There is no one way to describe Mustafa, a place that to me, has come to be synonymous with Little India, and somehow, with Singapore. The monolithic structure squats beside Syed Alwi Road, all green tinted glass and steel, a steady crowd funneling in, out, in, out, in again through its open maw, breathing out sporadic bursts of air conditioning every time the sliding doors opened. Opposite, beyond an inexplicably empty field stands the Farrer Park MRT, and a smattering of uniformly sleek malls and hotels, utterly indistinguishable from one another in their sameness- the kind of eerie, manicured conformity I had come to expect out of Singapore’s urban cityscape. But not Mustafa; the building is almost artistic in its profound ugliness. At the very least, it elicits a sort of wide eyed wonder as one takes in its daedalian design, the organised chaos that seems to just go on and on.
I sit directly outside the goliath, nursing a cup of ginger chai overlooking the street. I sip my tea the way my father taught me- head bowed, slurping in the too sweet liquid in between my front teeth, catching the spice at the back of my throat. All around me, conversations ebb and flow, surrounding me completely in a babel of voices. I catch bits of words I recognise- urdusinhalatamilhindi weaving in and out of each other until I am completely overwhelmed.
From one of those little phone shops across the street, so ubiquitous in Little India, tinny music blasts out. I vaguely recall the tune. As I sit there, the lyrics come to me and almost unconsciously, my lips form the words to the song- a Sonu Nigam track from a long forgotten Bollywood movie. This was a landscape I knew, from Sunday morning sing alongs with my grandmother’s old radio and nonsensical Hindi movies watched furtively when my father wasn’t home, and a place I did not know at all.
A bus boy slams trays against a large plastic bin; the thud of stainless steel on plastic is an effortless tabla- th, th, th, over and over again. The rhythmic clink of cutlery calls to me like the bells on a dancer’s ankle. The hot oil fries fresh pani puri with a sharp sigh; the sibilance of it lingers in the low ceiling of the tiny outdoor cafe. There is music in the wind and outside my skin sings in the heat of the midday sun.
If I look up, the towering skyscrapers beyond Serangoon Road loom imperiously. There are signs for a new boutique hotel and spa, clinically chic. Next to me, three sweating, swearing Germans persevere, red faced, through their fish head curry. Opposite, a Chinese couple hauls two handfuls of the famous zip tied white plastic bags bearing the words “Mustafa Super Centre”, while a little boy tags behind them, happily lapping away at a kulfi stick. An Indian woman walks past me, a strand of yellow flowers braided into her thick, dark hair. I glimpse the strong, stark line of a tattoo peeking out from the neckline of her pink shalwar kameez. I like knowing that first appearances hide more than they reveal.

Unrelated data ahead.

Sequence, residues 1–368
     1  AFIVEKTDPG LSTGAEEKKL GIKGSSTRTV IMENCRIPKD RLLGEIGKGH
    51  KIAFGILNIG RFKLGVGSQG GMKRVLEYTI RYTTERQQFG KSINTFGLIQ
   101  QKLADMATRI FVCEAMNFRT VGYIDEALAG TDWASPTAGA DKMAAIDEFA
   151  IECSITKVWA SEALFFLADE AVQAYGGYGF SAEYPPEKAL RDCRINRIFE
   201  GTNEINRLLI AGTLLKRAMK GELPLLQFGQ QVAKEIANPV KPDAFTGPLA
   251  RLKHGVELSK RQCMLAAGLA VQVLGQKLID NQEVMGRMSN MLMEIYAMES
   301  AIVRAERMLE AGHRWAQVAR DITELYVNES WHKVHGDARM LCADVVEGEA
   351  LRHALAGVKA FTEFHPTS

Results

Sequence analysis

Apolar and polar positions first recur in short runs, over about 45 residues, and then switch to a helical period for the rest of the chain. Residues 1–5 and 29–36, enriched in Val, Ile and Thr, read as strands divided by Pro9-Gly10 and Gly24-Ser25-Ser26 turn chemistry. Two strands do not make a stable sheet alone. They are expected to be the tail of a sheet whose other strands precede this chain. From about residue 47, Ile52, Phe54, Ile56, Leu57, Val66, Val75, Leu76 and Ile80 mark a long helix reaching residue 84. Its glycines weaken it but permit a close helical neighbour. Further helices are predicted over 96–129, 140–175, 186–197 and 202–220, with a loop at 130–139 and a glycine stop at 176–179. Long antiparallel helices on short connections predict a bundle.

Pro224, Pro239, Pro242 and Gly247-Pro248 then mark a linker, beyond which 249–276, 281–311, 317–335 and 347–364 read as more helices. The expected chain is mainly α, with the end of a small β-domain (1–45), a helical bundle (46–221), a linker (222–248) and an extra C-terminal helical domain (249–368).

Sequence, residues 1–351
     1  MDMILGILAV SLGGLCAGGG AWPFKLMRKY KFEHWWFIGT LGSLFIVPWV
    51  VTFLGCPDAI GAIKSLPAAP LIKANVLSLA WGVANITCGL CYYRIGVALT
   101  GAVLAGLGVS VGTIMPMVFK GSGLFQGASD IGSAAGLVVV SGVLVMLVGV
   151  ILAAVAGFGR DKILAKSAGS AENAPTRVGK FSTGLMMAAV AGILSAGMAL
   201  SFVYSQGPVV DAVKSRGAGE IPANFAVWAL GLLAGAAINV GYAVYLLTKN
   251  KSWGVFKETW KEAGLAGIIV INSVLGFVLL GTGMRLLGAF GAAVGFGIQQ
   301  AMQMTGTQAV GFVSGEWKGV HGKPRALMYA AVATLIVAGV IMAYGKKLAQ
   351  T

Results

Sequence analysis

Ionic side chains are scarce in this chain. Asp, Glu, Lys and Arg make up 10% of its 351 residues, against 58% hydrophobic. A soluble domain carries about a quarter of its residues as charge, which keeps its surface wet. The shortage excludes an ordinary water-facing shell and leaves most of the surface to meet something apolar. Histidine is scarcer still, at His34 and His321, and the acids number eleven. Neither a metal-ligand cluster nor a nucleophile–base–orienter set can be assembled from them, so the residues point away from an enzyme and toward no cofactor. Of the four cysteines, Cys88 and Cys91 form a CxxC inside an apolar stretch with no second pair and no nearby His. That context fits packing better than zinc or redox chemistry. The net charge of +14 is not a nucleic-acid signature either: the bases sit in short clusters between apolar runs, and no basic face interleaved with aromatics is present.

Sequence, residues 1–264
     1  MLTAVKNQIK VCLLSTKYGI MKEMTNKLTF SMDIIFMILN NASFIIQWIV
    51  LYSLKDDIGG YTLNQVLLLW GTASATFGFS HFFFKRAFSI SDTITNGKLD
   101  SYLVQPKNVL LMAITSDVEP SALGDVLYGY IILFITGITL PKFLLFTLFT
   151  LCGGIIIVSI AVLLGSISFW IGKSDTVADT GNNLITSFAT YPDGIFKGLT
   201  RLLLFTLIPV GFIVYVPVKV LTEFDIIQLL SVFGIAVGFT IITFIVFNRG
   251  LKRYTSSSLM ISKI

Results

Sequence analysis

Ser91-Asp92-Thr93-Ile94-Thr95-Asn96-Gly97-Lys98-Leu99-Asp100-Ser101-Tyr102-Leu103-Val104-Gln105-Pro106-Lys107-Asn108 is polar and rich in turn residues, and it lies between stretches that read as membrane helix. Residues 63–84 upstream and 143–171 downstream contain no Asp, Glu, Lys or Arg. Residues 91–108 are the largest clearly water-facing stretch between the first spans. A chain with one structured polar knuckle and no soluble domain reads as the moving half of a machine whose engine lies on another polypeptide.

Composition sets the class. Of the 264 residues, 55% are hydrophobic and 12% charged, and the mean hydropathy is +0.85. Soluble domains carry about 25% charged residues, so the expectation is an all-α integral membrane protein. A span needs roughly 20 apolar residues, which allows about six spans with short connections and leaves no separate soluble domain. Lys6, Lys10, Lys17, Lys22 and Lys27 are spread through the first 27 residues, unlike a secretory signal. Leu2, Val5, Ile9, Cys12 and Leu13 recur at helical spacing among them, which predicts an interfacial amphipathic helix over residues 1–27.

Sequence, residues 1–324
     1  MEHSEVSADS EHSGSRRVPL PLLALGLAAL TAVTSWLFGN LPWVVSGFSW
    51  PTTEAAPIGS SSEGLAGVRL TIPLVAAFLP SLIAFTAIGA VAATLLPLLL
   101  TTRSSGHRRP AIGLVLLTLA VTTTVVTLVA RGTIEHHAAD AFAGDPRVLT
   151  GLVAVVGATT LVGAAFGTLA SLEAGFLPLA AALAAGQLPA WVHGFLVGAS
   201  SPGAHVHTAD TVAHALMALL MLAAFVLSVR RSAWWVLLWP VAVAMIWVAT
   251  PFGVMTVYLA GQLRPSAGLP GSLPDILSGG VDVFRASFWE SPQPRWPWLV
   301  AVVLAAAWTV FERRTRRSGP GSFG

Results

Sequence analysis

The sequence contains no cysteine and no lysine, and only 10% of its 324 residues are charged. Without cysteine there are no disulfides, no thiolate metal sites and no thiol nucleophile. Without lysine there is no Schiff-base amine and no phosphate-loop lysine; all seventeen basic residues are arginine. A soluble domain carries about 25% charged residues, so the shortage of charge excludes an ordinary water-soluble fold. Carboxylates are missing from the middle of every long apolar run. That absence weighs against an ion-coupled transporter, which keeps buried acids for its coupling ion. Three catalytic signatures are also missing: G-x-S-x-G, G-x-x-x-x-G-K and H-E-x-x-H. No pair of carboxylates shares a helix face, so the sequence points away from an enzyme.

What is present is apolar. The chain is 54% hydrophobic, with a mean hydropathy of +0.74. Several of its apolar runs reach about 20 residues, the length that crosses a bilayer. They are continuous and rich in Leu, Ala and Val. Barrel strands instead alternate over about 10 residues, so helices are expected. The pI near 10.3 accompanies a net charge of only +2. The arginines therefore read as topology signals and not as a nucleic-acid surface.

Mustafa is in itself a microcosm of Singapore. I have been sitting here for thirty minutes and already I have seen countless shades of skin, heard the lilt of more languages than I can count. Judging by the enthusiastic, sweaty straggles of Europeans flooding into the building, Mustafa is also a tourist hotspot, drawing in the crowds with the mystique of its labyrinthine interior and the endless possibilities that reside within it. Around me there are signs advertising plane tickets to Mumbai, discounted bio-oil and lamb kebabs- and that’s all just within a 100 metre radius. In a way, it is not far removed from its cousins on Orchard Street, that other beacon of mass consumerism, reminding us with its flashing lights and tastefully muted showrooms that capitalism is, lest we forget, alive and well. But unlike Orchard Street, Mustafa remains adamantly uncategorisable. Is it a supermarket? A department store? Or is it, as it so ambiguously claims, a “supercentre”? During my brief foray into its cryptic depths, I saw the usual- sportswear, fresh fruit and vegetables, stacks and stacks of Yakult and Maggi Mee. But if you look a little harder, hidden on the top shelves, in the back corners, in all the places we sometimes forget to look- vials of herbal medicine, stuffed Merlions, “snail scrub face masks”, spices in every colour the subcontinent has to offer. It is a melange of the exotic and the exciting, with the unexpected at every turn, not unlike the city it resides in.
I drain my cup and get up to leave. There is a flower seller right by one of Mustafa’s many entrances; the sickly sweet smell of jasmine crushed underfoot lingers in the air. I walk past the building, and stop, right before I cross the road to get to the MRT station. Grimy neon letters spell out “Mustafa”; its doors open and spit out yet another mass of shoppers. I wonder what I’ll find the next time I come around. Maybe the thrill is in not knowing: like tattoo peeking out from under silk covered skin, like an unexpected trouvaille in dusty bottom corner, like cumin scented alleyways in a city so otherwise immaculate.